The teasing started in middle school: whale; fat girl; jelly rolls; Mrs. Puff. Paola Moreno got so depressed she stopped eating breakfast and lunch.
“I didn’t want people at school to see me eating,” says Moreno. “I didn’t want people to think of me as the fat girl having a burger.”
Today, Moreno eats what she wants and likes what she sees in the mirror.
For her senior capstone project at the University of Rhode Island, the Providence resident is telling her story and the stories of four other URI students in an effort to put an end to body shaming.
“Simply Beautiful” was one of 40 projects presented recently at the Showcase of Undergraduate Research, Scholarly and Creative Works on the Kingston campus. Moreno, who is majoring in psychology and Gender and Women’s Studies, wrote a paper and created a poster.
“I decided on this topic because I really want people talking about body positivity and the horrific effect of body shaming on women who are not thin,” she says. “I want to be a role model.”
Body image is something most females struggle with at some point in their lives, says Moreno. She blames our culture, which equates beauty with slenderness. “If you are not thin or you don’t have an hourglass body,” she says, “you are not considered beautiful.”
Growing up, Moreno says she was always known as the “chunky kid.” It didn’t help, she says, that she ate recklessly, living on a fast-food diet that was affordable and accessible in her neighborhood.
But she didn’t feel shame until middle school. A boy she had a crush on rejected her in a very public and humiliating way: “He said he didn’t know if he could wrap his arms around me,” she describes.
Devastated, she says she “starved” herself at school, only to binge at night. “And you know the worst thing about it? I didn’t lose weight. I became the big girl that did not eat.” The bullying continued in high school with insults like, “I didn’t know Levis made jean sizes for fat people.”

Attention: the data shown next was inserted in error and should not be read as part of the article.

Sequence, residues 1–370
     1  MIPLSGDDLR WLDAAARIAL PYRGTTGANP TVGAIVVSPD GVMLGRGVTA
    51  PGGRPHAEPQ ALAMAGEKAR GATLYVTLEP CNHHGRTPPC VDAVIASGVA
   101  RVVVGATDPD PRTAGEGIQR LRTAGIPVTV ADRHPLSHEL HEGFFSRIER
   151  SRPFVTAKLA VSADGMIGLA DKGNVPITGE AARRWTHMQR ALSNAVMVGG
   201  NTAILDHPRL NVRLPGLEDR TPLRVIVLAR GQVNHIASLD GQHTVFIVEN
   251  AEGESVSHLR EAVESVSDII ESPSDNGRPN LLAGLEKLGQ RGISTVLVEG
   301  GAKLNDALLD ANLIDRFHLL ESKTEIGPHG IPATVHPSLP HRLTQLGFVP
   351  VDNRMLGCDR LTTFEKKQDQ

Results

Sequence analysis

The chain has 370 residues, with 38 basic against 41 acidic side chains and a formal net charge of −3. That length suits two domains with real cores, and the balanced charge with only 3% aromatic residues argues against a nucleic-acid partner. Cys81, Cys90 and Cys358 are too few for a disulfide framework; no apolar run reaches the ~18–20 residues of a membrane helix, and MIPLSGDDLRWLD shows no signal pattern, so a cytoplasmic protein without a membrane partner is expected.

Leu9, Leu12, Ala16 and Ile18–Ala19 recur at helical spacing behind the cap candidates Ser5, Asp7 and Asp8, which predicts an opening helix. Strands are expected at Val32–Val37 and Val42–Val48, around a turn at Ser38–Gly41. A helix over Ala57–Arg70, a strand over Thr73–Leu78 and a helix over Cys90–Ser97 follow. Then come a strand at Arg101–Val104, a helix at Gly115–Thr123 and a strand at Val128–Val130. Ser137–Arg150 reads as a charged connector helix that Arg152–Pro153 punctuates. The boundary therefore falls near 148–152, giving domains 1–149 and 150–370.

“I completely hated myself,” she says. “I hated myself because I wasn’t pretty enough.”
The freshmen course “Introduction to Women’s Studies” in the Gender and Women’s Studies program changed her life. She shared her struggles with her classmates, and came away feeling that she was “beautiful the way I was.”
“That course molded me into the person I am today,” she says. “It taught me how to love myself.”
For her capstone project, she interviewed four other URI students, all of whom shared similar stories of bullying, low self-esteem, despair and, eventually, happiness. One student talked about how her parents put her on a vegetable-only diet and forced her to work out daily, starting at the age of 8. Another student spoke of her frustration being unable to find clothes her size in popular clothing stores.
“She said it was so unfair,” says Moreno. “She wanted to feel beautiful but it was hard because plus-size women do not have many options in most clothing stores.”
Like Moreno, the students talked about struggling with eating disorders and depression. Some blamed their families for a lack of support and for pressuring them to diet to look like thin siblings and relatives.
Moreno cited a study by sociologist Catherine Ross, who found that being overweight does not necessarily lead to depression; what makes people depressed is the judgment from others.
“Depression and eating disorders are not something that happened because I woke up one day and decided to be that way,” says Moreno. “It is a sickness we developed because society has a hard time accepting who we are.”
Moreno says she is done letting her weight define her.
“People expect women to be thin and beautiful with no imperfections,” she says. “We have to break those norms. At the end of the day, we are in charge of our own bodies—no one else but us—and it’s important we feel great in those bodies.”
Mindy Levine, an associate professor of chemistry and co-organizer of the research showcase, says Moreno’s honesty can help other women intimidated by cultural expectations of beauty.
“People should understand that body image issues and shaming do not only affect women of certain ages,” says Levine. “This is a problem that has affected me personally, and I commend Paola for focusing our attention on this important topic.”
Moreno’s project is “wonderful and brave,” says Rosaria Pisa, director of the Gender and Women’s Studies program and a sociology professor.
“Paola’s project challenges conventional expectations of female beauty and body size to declare I am beautiful just as I am,” says Pisa. “This is a powerful message that more girls and young women need to hear.”